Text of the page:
TE: In the beginning I was constantly fighting an uphill battle to prove that erotic romance is legitimate literature, not just within the publishing industry as a whole but also within the romance industry itself. Eventually I quit trying to prove anything. I mean, it was ridiculous to argue about the legitimacy of what I wrote and published to a traditional romance author making 1/1000 of what I was making! It can only be art if you’re dead-ass broke while creating it? I disagree.
As to the industry becoming “friendlier,” I don’t see that happening until misogyny is dead. If women wrote 99% of mystery novels then mysteries would no longer carry the distinction of being “real literature.” Ditto that with sci-fi or any other genre. Unfortunately, the misogyny present in the publishing world can’t even be placed squarely at the feet of men; women make up the majority of all readers in all genres. And as long as women as powerful as Oprah continue to denigrate our literature as fluff, it will continue to be viewed by society at large as that very thing.
Zola: Is the future of the romance industry in eBooks—and therefore with self-publishers and indie publishers—or traditional publishing? What discrepancies exist between the titles available through digital bookstores and those in brick-and-mortar stores?
TE: The future is definitely in eBooks, and all publishing houses, big and small alike, are leaning towards that model more and more. In other words, I don’t think big publishers will die out unless they refuse to deal with the reality of the situation by insisting on clinging to the old ways. The downside to eBooks is that literally anybody can publish a book now and as a consequence consumers are starting to feel burned by inferior writing and sub-par and/or non-existent editing. The best way to combat that is to be a wise consumer: look to see who the publisher of Novel X is and the reputation of said publisher before buying.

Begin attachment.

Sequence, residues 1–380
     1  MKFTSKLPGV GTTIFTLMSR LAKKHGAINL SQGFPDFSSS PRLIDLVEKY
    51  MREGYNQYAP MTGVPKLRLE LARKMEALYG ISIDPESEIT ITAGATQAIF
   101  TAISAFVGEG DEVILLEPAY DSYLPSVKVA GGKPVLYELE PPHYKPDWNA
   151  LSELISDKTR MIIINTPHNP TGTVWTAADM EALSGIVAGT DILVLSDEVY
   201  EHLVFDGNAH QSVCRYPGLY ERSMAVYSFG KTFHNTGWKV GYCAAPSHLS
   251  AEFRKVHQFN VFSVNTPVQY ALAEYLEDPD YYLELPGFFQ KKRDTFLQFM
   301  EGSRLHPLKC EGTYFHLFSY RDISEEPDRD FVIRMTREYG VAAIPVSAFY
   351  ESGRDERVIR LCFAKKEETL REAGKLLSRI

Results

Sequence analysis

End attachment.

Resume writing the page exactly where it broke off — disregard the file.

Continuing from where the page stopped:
In the early days of eBooks, the discrepancies between what you could find online and offline were huge. My company experienced rapid financial success because we literally had no offline (or online) competition. When it came to erotic romance, or what we trademarked Romantica®, there was Ellora’s Cave, Ellora’s Cave, and Ellora’s Cave! Nowadays the discrepancies still exist, but not to that extreme degree. EC is still far more sexually explicit and trailblazing than traditional publishers, and because we have always been an e-first house, we’re willing to take more risks with new ideas and sub-genres.
Zola: What are some romance industry trends and authors you think readers should look out for this year? What books are you most looking forward to in 2013?
TE: I think our Gen-Edge line is one to watch out for because we’re (A) expanding it and (B) it taps into a previously overlooked market: the 18-25 year-old demographic. (Think YA books with hot sex and characters at least 18 years of age!) As far as authors go, my money is on Laurann Dohner and Joanna Wylde this year. I’ve also hand-picked a few new authors that I see infinite potential for, such as Erin Simone and Persephone Jones. It’s going to be an exciting year for erotic romance readers!
This article originally appeared on Zola Books.